Arun and Maya: We couldn’t say “no” to the kids.
Arun says: “Our kids are very expensive. They always have their hands out! We try to tell them that we have to budget our money, but they won’t listen. Our older one refuses to get a summer job. I know we should push her, but she just finished her first year of university and it was so stressful. She deserves a break. I just wish she would appreciate how expensive it was to sent her to university – we really couldn’t afford it but she wanted to go so badly. We’ve tried to give the girls the best – it’s just been so stressful. Our younger one is going to university next year and we don’t know how we’re going to pay for it. We’ve already refinanced our house three times and maxed out our line of credit and credit cards trying to give them the life we feel they deserve. We both love our kids and want the best for them, but the strain of raising them has ruined our marriage. I know there won’t be a lot to go around in the settlement, but we both agree that we owe it to the kids to set aside $20,000.00 for each of them from the sale proceeds of our house – that way we won’t feel so bad about putting them through the upheaval of a divorce.”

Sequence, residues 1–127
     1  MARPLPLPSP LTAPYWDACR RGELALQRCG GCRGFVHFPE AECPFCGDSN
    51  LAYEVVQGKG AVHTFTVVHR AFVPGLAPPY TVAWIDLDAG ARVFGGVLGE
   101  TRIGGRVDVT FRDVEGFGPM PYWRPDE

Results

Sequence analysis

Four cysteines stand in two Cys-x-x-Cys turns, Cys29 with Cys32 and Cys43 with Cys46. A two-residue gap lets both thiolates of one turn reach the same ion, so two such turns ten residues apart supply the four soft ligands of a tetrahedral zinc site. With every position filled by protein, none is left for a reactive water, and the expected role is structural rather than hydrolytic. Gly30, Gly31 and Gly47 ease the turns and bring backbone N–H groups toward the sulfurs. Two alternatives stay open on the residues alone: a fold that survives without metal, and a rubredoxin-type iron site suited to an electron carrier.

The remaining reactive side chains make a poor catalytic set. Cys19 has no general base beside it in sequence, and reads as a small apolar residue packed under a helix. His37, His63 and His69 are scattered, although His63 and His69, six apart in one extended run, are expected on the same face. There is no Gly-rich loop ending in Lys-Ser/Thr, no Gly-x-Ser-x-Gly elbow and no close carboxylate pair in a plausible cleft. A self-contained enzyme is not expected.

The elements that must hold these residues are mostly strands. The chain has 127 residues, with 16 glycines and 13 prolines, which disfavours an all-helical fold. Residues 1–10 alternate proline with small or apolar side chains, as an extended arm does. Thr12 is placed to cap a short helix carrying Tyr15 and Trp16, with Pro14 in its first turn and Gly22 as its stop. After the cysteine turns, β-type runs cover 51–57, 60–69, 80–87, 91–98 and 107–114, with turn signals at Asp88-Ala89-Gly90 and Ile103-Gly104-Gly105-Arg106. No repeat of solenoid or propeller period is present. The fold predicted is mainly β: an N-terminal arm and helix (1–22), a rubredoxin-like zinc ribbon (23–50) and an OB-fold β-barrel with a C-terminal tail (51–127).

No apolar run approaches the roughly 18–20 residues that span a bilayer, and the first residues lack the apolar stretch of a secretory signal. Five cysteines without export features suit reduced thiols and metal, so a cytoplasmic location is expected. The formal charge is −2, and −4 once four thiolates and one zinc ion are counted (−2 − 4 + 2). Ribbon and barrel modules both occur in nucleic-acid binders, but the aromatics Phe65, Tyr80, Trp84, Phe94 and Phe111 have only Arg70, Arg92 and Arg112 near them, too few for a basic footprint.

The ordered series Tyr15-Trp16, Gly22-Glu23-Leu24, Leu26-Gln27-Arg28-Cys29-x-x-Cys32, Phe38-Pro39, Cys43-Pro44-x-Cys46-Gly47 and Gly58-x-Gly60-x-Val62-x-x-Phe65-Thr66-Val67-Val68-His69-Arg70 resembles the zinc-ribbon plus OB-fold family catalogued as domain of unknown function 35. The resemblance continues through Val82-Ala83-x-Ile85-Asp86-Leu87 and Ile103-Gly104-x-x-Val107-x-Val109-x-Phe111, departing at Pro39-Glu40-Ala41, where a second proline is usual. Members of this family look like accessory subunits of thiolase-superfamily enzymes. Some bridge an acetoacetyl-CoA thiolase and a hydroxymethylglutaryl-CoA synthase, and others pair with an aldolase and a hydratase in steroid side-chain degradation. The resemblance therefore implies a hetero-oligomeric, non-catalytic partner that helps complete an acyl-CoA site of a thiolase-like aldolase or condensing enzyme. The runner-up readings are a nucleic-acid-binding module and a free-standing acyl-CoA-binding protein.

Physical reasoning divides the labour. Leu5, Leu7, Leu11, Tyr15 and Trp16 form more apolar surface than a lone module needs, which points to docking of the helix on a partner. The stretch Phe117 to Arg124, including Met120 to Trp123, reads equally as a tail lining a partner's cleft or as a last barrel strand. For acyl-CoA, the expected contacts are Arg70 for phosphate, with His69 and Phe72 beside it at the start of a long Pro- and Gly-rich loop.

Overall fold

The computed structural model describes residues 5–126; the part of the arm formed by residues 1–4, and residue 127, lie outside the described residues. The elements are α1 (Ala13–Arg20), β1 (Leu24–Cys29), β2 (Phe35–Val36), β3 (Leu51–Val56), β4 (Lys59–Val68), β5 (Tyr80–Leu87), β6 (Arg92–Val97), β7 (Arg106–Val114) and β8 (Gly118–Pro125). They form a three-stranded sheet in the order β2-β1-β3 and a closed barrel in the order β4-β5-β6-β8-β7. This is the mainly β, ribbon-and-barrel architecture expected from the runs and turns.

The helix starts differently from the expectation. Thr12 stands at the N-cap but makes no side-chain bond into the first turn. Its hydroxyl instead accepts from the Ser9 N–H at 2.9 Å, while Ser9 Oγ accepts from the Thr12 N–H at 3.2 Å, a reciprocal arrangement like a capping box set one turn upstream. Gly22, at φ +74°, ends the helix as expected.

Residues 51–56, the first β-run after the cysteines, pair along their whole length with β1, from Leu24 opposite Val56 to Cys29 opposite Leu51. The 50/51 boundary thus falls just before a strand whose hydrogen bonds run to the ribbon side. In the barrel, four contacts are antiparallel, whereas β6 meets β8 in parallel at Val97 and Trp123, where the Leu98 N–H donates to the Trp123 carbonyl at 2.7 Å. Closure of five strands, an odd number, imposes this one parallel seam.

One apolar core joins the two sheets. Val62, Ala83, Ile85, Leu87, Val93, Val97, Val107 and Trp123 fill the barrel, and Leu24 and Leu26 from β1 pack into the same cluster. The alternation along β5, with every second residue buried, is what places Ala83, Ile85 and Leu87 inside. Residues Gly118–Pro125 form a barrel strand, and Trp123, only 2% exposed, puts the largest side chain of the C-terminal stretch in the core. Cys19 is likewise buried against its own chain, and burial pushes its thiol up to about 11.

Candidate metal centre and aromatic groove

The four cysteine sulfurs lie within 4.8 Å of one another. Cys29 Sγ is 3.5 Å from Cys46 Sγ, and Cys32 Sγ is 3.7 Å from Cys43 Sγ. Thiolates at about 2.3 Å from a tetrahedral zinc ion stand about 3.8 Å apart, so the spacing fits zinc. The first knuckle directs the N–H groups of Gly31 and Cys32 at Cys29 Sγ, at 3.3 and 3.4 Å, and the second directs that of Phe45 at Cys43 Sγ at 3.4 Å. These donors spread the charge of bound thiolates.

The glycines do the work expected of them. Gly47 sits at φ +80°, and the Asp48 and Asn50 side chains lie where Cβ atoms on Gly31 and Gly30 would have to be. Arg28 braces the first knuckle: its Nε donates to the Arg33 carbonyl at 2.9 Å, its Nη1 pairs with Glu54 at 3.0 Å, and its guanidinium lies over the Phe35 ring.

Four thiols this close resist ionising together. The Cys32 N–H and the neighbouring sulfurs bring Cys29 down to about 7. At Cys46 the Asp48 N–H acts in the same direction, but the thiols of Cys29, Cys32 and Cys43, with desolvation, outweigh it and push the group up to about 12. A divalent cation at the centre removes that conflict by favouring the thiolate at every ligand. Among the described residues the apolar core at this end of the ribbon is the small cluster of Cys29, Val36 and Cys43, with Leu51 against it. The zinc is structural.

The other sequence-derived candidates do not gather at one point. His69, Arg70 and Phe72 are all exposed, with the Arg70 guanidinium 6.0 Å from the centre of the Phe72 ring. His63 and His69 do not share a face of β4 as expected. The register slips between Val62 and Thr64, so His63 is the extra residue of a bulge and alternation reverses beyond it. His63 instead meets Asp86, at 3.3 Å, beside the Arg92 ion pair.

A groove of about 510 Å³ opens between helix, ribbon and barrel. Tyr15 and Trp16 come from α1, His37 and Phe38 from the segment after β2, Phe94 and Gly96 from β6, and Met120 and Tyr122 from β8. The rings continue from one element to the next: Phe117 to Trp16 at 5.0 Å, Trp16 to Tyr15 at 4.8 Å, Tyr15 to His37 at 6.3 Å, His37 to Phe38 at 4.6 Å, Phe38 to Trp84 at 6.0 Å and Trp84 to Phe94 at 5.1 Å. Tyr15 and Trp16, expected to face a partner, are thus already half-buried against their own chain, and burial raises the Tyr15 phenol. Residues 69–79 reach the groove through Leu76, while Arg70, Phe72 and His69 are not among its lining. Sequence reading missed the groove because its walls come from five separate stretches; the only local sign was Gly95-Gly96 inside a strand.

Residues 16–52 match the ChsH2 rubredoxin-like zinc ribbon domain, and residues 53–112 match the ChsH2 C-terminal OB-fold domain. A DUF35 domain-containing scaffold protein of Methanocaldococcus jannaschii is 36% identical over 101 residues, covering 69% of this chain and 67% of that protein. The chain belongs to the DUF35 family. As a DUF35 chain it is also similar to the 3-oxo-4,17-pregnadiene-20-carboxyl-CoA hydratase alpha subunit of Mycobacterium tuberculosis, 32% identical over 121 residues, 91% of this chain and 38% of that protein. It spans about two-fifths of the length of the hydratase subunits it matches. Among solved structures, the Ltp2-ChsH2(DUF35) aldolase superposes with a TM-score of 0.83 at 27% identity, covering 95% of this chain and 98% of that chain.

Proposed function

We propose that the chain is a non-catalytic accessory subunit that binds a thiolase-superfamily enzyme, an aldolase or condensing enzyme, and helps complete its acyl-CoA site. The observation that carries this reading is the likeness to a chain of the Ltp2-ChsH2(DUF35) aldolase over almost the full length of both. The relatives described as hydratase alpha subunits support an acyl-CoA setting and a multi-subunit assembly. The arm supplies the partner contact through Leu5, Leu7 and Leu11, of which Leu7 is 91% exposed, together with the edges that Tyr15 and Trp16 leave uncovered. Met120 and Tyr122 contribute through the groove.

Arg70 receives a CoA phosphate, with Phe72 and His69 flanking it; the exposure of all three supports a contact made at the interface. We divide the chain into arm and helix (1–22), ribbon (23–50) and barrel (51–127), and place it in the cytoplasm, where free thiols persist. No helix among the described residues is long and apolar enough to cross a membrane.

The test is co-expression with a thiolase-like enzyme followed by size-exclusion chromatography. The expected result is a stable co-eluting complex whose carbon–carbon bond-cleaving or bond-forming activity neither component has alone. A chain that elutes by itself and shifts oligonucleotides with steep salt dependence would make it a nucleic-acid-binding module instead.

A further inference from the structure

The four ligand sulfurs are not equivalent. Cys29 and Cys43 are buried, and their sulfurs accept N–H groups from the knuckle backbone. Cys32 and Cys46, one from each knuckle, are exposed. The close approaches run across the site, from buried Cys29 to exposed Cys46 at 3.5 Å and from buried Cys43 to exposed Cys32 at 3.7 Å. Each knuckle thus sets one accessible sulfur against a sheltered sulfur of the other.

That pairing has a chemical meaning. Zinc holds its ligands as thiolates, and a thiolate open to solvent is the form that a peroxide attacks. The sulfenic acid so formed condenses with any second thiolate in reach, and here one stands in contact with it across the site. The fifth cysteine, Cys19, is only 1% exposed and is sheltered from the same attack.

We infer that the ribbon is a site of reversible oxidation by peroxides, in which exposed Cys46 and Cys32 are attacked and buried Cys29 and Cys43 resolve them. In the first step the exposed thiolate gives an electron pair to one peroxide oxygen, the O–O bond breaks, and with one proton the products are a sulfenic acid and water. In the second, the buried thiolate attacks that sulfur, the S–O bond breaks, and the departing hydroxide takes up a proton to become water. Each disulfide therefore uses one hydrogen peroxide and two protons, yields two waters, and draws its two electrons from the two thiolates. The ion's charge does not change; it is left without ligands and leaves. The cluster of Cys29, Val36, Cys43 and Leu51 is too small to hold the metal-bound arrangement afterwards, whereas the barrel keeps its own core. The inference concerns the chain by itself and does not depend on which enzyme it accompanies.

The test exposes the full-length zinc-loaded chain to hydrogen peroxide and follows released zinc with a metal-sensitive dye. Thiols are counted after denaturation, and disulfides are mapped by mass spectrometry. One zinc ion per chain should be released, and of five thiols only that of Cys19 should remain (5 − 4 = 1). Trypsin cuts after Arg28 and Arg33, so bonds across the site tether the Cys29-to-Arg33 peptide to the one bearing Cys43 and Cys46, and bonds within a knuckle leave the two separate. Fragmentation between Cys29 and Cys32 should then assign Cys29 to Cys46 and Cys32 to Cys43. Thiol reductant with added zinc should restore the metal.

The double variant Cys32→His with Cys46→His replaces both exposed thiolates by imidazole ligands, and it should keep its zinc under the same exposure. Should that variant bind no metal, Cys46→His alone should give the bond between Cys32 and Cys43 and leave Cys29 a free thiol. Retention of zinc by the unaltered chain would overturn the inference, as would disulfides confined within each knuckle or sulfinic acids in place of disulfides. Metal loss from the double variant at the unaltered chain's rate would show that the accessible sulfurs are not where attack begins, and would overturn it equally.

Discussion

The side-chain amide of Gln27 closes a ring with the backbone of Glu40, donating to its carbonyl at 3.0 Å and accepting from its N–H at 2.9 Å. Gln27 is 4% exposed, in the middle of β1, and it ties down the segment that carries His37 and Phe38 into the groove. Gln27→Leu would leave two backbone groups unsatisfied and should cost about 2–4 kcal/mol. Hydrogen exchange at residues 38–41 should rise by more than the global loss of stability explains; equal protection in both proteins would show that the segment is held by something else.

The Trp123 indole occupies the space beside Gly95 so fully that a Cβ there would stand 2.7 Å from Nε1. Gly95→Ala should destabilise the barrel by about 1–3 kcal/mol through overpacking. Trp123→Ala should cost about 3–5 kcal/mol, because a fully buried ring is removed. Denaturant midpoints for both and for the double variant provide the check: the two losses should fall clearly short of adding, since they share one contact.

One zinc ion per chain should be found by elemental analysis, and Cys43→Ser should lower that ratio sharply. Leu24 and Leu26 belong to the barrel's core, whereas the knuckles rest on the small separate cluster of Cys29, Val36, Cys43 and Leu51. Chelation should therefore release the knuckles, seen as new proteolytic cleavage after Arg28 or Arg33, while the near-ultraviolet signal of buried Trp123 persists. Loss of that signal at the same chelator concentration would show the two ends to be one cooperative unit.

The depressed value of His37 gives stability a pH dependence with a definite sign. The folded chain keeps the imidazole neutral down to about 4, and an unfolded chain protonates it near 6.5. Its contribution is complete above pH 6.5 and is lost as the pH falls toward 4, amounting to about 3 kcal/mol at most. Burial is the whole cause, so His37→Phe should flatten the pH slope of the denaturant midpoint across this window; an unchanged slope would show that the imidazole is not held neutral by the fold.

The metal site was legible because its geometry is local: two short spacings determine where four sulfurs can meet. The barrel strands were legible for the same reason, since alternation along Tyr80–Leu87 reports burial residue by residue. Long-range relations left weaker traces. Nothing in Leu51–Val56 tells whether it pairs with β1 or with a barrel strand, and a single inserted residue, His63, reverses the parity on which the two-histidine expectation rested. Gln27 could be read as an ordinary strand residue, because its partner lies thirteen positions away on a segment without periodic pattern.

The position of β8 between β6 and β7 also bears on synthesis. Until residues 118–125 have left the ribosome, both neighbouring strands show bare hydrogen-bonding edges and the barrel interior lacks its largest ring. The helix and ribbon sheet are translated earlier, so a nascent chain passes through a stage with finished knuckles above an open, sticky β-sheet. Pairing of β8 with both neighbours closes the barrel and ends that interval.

Did you notice that these three stories, different as they may seem, all have a common theme? All reflect major differences in financial values, and all involve poor communication, which has resulted in an inability to resolve these differences in productive ways.
In the case of Bill, the budget-conscious husband, and Jennifer, the impossible-to-satisfy wife, Bill was likely a poor communicator, and Jennifer was likely oblivious to the impact her words were having on her husband. Sometimes, in a quest for the “good life”, people become so goal-oriented that they fail to pay attention to the fact that their goals may not be shared by their spouses – or they may simply convince themselves that the goals are mutual, despite clear signals to the contrary.
People like this are often surprised that their marriages fall apart, and are filled with regret that they were so focused on material things that they placed insufficient value on the actual relationship – which may actually have been pretty good at one point, before crippling debt got in the way.
Terri, whose husband, Eric, refused to “get off the couch”, had a similar problem – lack of shared financial purpose – but rooted in a different cause, which was an imbalance in work ethics. Here, Terri might have tried a little harder to paint Eric a picture of the potential long-term consequences of his attitude. She might have sat him down and said, clearly and calmly, “I love you, but we’re jointly responsible for supporting our family. If you aren’t willing to get help and/or start making changes, I’m afraid our marriage might not survive much longer.”